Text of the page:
As far as EU signatories, and operations in the EU area are concerned, EU competition rules apply fully to these organisations. The directive makes clear that we will use this instrument wherever necessary, not only as concerns access to space capacity but also as concerns downstream distribution arrangements and agreements.

The deadline for notification of measures to implement the satellite directive was August 1995. We are still having problems with some member states: Greece, Portugal, Spain, Ireland, Luxembourg and Italy. We cannot tolerate delays at this point and thus we have initiated legal procedures which I am confident will result in a satisfactory response.

The next link we tackled in the liberalisation process was the mobile connection to the customer, to build mobile networks into a full scale competitive infrastructure. Adopted in January this year, the mobile directive enters fully into force on November 15. It abolishes all remaining exclusive and special rights in the mobile communications market, for both service provision and use of own and third party infrastructure. Competition law is applied not only to licensing of new GSM operators, but also, from 1998 to DCS1800 licenses. Clearly, the most economic and flexible provision of mobile services, achieving reliable EU wide roaming capability, will entail the combination of GSM, DCS1800 and DECT technologies. This entails dual mode equipment and roaming agreements which in principle we fully encourage. On the other hand, it is important that the new DCS1800 markets are not foreclosed by incumbent mobile operations simply extending their dominant positions and keeping others out. The directive thus allows for the combination of mobile digital technologies where this supports a pro-competitive evolution.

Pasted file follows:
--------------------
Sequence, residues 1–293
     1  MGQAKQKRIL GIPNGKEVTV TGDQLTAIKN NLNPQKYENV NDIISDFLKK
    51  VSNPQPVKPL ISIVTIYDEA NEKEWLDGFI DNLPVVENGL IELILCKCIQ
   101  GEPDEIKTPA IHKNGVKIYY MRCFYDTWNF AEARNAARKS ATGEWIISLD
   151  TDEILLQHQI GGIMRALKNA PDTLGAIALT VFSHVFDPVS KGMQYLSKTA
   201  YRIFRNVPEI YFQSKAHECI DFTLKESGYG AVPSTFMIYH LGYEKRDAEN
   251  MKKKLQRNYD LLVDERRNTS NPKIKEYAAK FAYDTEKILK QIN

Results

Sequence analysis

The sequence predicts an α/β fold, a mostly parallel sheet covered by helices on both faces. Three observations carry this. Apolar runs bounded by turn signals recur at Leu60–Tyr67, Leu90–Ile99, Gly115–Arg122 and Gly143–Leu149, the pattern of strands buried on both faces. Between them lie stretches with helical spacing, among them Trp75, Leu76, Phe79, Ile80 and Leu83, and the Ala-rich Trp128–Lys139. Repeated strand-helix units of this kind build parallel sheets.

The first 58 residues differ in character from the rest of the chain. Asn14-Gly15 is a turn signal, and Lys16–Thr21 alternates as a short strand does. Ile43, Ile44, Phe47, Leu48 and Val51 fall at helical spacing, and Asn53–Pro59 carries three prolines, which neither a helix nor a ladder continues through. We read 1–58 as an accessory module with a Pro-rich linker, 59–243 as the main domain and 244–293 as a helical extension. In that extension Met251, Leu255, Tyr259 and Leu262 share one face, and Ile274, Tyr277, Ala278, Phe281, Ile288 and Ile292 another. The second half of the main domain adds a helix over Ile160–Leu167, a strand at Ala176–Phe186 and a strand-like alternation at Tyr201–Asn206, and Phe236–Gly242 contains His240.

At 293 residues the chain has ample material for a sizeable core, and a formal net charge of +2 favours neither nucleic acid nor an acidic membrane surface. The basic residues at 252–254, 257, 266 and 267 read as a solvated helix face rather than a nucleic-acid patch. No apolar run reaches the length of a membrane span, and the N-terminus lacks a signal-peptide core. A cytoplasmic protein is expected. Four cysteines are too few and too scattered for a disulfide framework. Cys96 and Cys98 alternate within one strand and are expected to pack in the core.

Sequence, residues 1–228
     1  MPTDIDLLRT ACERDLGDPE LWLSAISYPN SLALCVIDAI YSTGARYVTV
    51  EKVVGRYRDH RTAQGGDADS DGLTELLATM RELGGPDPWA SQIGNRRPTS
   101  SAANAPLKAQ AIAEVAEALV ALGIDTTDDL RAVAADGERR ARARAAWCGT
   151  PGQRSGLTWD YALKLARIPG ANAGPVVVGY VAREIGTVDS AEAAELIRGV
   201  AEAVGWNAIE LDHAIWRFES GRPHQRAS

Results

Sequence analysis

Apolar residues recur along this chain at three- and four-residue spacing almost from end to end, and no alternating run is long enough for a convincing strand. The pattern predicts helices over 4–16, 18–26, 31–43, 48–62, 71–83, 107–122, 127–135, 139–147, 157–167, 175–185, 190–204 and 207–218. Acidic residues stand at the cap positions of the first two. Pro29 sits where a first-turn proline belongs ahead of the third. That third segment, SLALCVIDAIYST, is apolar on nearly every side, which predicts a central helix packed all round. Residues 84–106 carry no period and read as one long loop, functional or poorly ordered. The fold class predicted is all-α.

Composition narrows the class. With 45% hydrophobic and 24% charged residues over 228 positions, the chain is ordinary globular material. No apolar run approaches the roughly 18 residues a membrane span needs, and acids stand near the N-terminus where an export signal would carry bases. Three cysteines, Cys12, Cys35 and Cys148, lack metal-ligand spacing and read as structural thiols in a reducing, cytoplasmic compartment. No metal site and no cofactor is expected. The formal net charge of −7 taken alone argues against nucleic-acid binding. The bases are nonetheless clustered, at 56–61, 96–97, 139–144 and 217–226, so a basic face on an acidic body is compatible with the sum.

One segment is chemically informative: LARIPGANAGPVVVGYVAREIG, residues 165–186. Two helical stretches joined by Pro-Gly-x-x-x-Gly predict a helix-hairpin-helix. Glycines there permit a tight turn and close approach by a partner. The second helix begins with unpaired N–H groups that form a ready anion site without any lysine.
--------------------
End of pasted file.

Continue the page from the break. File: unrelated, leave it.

The third attack on the customer access bottleneck was the Cable Directive. This was adopted at the end of last year and enters into force from the first of October (next month). This means unlimited use of all cable network licences for liberalised telecoms services, freedom to arrange interconnection of cable TV networks and clear accounting separation in the case of joint provision by dominant operators of cable and telecoms services.

On the one hand the directive is clearly about establishing an alternative platform for fixed link local access. The UK model was the prototype for this, where we are now witnessing the growing success of the cable operators to gain telecom customers from the incumbent.